Central to Georgetown’s educational mission is the Jesuit ideal of
“Educating the whole person.” This ideal calls for
both students and faculty to bring their “whole selves” into the
classroom—intellectual curiosity and critical thinking, certainly, but also the full range of human experience and development.
And of course, whether we mean to or not, we do bring our full selves everywhere we go. Acknowledging that is getting more and more important. According to a recent Chronicle of Higher Education article, we're facing "a mental-health crisis on American college campuses." Faculty have an important role to play in addressing this crisis.
The Engelhard Project for Connecting Life and Learning
Georgetown’s Engelhard Project embodies the mission of “educating the whole person” by providing a framework for faculty
who wish to integrate issues of health and wellness into their courses. Using a curriculum infusion model, Engelhard faculty
fellows partner with campus health professionals to link health topics with academic course content, not only empowering
students to learn about the health topics but also making the academic course content relevant to their lives outside the
classroom. Visit the
Engelhard Project website to read course profiles and to learn more about the project.
What would it mean to adopt
learning goals that go beyond intellectual objectives (e.g., mastering concepts and academic skills) to invite personal
development? For example, students in your course might be able to develop an excitement for the field; a feeling of
well-earned self-confidence; a greater understanding of their own life experience, values, and long-term objectives;
a sense of purpose; and/or a physically healthier approach to work, studying, nutrition, and/or exercise.
Perhaps most important, in an era when student mental health is an increasing concern and when national and international events are adding considerable stress to already-considerable academic stress, in what ways can you teach students resilience in the face of challenge? Among other things, you could spend class time on responding to academic setbacks in your course constructively, on how exactly to learn from likely mistakes. You could start class by asking students, particularly around midterms and finals, to share strategies for handling stress of all kinds. You could share campus resources. And see below for more in-class activities designed to promote well-being.
Could you get to know your students better as individuals? Georgetown is also driven by the
Jesuit value of cura personalis, “individualized attention to the needs of the other, distinct respect for his or
her unique circumstances and concerns, and an appropriate appreciation for his or her particular gifts and insights.”
Do you demonstrate an interest in students’ lives? Where possible, get to know your students’ names and also their varied
experiences, strengths, and struggles, many of which could prove relevant to a powerful learning experience. You can
draw out these individualities in office hours—encouraging students to attend office hours is a great idea for many reasons—but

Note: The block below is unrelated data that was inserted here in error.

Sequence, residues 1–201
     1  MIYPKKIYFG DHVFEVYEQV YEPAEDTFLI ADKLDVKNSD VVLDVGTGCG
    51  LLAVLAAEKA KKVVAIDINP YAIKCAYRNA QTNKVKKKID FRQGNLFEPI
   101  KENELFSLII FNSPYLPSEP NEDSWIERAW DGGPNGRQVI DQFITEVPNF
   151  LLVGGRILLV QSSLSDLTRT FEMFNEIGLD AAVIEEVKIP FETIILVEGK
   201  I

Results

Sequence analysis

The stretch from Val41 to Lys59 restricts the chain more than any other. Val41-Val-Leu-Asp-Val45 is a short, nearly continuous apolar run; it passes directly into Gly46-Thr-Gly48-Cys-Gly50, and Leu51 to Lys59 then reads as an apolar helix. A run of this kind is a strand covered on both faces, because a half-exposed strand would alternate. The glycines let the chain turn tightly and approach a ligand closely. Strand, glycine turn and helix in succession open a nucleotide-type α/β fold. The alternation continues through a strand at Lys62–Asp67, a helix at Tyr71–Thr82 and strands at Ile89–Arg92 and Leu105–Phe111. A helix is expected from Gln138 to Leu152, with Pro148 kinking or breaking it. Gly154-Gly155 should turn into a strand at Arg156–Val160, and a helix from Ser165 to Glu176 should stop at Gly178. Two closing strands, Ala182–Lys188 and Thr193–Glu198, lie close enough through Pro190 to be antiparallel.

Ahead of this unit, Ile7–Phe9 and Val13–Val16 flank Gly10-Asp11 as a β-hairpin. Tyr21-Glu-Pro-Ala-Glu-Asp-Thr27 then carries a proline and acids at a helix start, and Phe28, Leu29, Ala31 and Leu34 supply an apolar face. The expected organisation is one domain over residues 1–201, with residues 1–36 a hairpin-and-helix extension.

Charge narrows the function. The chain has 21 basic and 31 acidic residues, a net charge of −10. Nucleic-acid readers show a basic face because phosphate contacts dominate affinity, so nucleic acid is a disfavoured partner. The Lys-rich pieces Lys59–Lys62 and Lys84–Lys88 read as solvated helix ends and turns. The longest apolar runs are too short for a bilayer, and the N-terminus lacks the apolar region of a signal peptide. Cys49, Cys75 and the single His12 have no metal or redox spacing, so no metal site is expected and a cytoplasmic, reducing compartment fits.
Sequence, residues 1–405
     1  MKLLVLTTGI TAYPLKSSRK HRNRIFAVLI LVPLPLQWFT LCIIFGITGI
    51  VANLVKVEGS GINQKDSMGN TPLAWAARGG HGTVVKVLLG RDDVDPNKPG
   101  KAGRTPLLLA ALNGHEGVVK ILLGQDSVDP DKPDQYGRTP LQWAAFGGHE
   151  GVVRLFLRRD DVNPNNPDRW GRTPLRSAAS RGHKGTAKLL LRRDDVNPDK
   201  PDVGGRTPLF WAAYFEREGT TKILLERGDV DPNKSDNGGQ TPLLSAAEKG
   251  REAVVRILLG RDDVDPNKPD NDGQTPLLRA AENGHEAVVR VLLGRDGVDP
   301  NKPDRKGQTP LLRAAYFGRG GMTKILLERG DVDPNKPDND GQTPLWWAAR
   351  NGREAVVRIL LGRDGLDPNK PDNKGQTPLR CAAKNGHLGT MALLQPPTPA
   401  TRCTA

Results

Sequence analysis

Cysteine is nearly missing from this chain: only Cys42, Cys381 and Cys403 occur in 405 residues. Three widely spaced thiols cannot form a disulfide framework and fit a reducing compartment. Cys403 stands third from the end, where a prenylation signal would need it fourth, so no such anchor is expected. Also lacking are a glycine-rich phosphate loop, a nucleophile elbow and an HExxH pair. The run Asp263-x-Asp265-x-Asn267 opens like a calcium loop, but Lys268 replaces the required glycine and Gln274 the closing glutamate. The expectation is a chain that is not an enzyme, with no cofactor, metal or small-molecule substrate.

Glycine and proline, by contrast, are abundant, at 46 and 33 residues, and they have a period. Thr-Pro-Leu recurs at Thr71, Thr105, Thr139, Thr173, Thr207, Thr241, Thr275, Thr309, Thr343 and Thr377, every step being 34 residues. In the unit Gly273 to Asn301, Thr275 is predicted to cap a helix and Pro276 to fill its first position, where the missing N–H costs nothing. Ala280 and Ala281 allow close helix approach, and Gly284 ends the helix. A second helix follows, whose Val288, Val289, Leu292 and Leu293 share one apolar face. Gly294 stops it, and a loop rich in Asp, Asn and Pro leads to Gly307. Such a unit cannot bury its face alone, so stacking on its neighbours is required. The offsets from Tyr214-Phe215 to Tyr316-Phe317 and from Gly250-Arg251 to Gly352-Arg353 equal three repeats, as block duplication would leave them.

you can also use class discussions, exercises, and/or written assignments that invite self-reflection.
Do you cultivate an awareness of how cultural factors (e.g., race, gender, sexuality, disability status, etc.) can impact
students’ engagement with your course and its particular material? Do you keep track of events (global, national, local,
and campus) that could impact that learning and perhaps interact with cultural factors as well? For example, if violence
directed at a particular racial group reaches the news, it might well be on many students’ minds, and some more than
others. In other words, are you aware of the ways in which students’ out-of-class experiences are affecting them, or
the fact that any two students, based on cultural factors, might be having very different experiences in life and in
Could your course include activities designed to promote well-being (e.g., mindfulness exercises, meditation, pauses for
a few deep breaths and/or stretching, student self-monitoring of health behaviors and/or emotional responses to course
material, starting class with a pause to set aside nagging distractions)? These activities are likely to prove beneficial
not only to students’ well-being but also to their ability to engage and master course material.
What aspects of student development are you assessing in your course? In other words, how will you know that students have
attained the course’s well-being goals? In addition to testing the knowledge and disciplinary abilities students have
acquired, you could also gather information on ethical, personal, and/or emotional growth. The same self-reflective activities
you use to get to know them—conversations, writing, and individual and collaborative group exercises—can also provide
evidence on their holistic maturation.
Georgetown Professor Jason Tilan talks about the potential benefits of using technology to teach to the whole person
Opening Up to Students
Inviting students to bring their complete selves into the classroom requires faculty to do the same in some way. In the video
about the Engelhard Project below, several faculty members share their compelling stories about how opening up to students
can create a foundation of trust to build a true community in the classroom, one that makes the learning experience more
powerful for all.
The Engelhard Project for Connecting Life and Learning focuses on teaching to the whole student